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Ventura formally takes helm of White Sox

Ventura formally takes helm of White Sox

Ventura formally takes helm of White Sox
CHICAGO -- When Robin Ventura was hired as a special advisor to director of player development Buddy Bell in June, the 44-year-old looked at the move as one of the first starter steps in going back to work for the White Sox and ending a six-year absence from baseball.

"That's part of the draw and the things that, for me, even in playing baseball, is you live life," Ventura said on Tuesday during his introductory news conference at U.S. Cellular Field. "There's a lot of things that happen in life that are stressful and hurtful and having not been in baseball for the past few years, I think that's a strength for me, as I can look at it from the outside.

"You're not always in the fishbowl of just what baseball means and what happens just in baseball. I've lived life and enjoyed it but I also enjoy baseball. And I think that helps me, to be able to see beyond whether a guy got a hit or not."

To say Ventura was a surprise hire would be an understatement. Possible candidates such as Dave Martinez, Sandy Alomar Jr., Ryne Sandberg, Terry Francona, Tony La Russa and Joe McEwing were tossed about, analyzed and then favorites were broken down, as the White Sox sought a replacment for Ozzie Guillen, who parted ways with the team last month.

That surprise was reserved for everyone outside of the organization. For general manager Ken Williams, as he looked at the long list of Guillen replacements on the left side of his ledger, only two or three names made their way on to the right side as finalists. Ventura held the main focus of those remaining three, with the offer presented by Williams and Bell last week.

"It's important to note he's been on my specific list for a long time," Williams said during a conference call on Thursday. "I started interviewing Robin from 1994-98 [when he was a player], but he just didn't know it.

"Those follow-up interviews and conversations happened in years that followed. He's one of the classiest people in this game, a very smart person and the man we need for this position at this time."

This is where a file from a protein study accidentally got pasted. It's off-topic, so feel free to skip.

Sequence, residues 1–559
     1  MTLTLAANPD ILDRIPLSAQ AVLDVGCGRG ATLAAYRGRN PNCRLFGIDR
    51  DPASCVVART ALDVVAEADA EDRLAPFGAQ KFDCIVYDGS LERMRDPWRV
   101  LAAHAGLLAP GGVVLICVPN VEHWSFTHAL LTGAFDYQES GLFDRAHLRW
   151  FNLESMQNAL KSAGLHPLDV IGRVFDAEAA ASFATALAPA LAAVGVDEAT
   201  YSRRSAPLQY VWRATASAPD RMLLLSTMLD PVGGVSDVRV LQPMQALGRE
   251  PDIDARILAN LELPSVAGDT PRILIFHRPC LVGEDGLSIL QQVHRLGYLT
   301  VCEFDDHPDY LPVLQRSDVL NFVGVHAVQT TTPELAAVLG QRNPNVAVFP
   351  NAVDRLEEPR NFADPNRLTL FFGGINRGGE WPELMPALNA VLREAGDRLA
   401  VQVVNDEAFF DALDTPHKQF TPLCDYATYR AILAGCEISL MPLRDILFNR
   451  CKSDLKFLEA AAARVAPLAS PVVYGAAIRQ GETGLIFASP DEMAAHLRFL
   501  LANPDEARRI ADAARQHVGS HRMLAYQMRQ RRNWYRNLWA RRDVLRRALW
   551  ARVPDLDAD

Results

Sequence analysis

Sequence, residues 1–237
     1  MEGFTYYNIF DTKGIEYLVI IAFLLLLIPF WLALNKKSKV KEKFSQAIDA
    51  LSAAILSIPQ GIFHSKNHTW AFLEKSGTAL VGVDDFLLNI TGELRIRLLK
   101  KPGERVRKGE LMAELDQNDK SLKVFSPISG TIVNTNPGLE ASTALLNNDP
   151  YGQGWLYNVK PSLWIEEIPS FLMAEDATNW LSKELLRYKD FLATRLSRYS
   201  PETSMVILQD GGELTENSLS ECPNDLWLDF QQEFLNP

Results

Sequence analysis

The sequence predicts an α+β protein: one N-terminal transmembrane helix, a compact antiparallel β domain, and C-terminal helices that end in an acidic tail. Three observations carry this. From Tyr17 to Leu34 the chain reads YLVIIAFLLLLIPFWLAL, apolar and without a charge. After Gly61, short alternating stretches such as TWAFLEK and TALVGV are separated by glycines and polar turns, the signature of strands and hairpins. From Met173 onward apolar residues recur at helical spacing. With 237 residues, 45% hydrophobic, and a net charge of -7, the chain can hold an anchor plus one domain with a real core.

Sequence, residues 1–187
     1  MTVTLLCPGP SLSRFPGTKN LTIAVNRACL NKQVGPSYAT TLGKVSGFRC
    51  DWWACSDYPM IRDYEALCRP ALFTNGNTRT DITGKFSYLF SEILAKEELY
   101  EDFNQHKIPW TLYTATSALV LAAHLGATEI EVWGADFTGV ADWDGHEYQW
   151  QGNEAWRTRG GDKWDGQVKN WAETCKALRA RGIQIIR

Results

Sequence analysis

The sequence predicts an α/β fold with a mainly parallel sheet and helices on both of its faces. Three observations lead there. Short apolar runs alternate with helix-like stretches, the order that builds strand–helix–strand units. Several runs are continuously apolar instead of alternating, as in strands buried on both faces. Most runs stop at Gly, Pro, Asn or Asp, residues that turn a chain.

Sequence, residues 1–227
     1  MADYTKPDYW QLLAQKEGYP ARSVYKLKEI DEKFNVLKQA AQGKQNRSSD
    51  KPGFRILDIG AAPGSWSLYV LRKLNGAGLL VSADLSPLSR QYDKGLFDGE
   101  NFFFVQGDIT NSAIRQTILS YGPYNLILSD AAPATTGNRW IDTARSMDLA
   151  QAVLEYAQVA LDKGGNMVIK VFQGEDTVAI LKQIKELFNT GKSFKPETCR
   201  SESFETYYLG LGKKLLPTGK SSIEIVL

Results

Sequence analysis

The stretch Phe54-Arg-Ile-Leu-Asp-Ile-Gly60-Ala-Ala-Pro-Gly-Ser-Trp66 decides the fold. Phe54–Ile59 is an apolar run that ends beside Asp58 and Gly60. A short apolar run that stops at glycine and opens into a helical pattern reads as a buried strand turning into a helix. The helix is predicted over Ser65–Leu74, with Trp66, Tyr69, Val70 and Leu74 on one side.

There was a specific list of criteria used by Williams in finalizing this process. Those requirements included having a passion for the city and the organization and a drive to win another World Series championship, as well as possessing the leadership and communicative ability that will translate into working with young players who are still trying to find themselves and veteran players trying to rediscover their old form.

"I don't know [what Williams saw in me]," Ventura said Tuesday. "It's being part of the family that's the White Sox and being in the organization this last year. I haven't talked through it, it's one of those that I feel confident that they're making a good decision, too. I don't know exactly what that is but hopefully sometime he tells me."

Ventura will be the 17th former player to manage the club. Ventura was the 10th pick overall by the White Sox in the first round of the 1988 First-Year Player Draft, and the third baseman spent 16 Major League seasons with the White Sox (1989-98), New York Mets (1999-2001), New York Yankees (2002-03) and Los Angeles Dodgers (2003-04), playing for a managerial list that included Jeff Torborg, Bobby Valentine and Joe Torre, while winning six Gold Gloves and becoming a two-time All-Star.

Of his 2,079 career games, during which he posted a .267 average with 294 homers and 1,182 RBIs, as well as 18 grand slams, Ventura played in 1,254 games over 10 seasons for the White Sox.

Scott Merkin is a reporter for MLB.com. Read his blog, Being Ozzie Guillen, and follow him on Twitter @scottmerkin. This story was not subject to the approval of Major League Baseball or its clubs.

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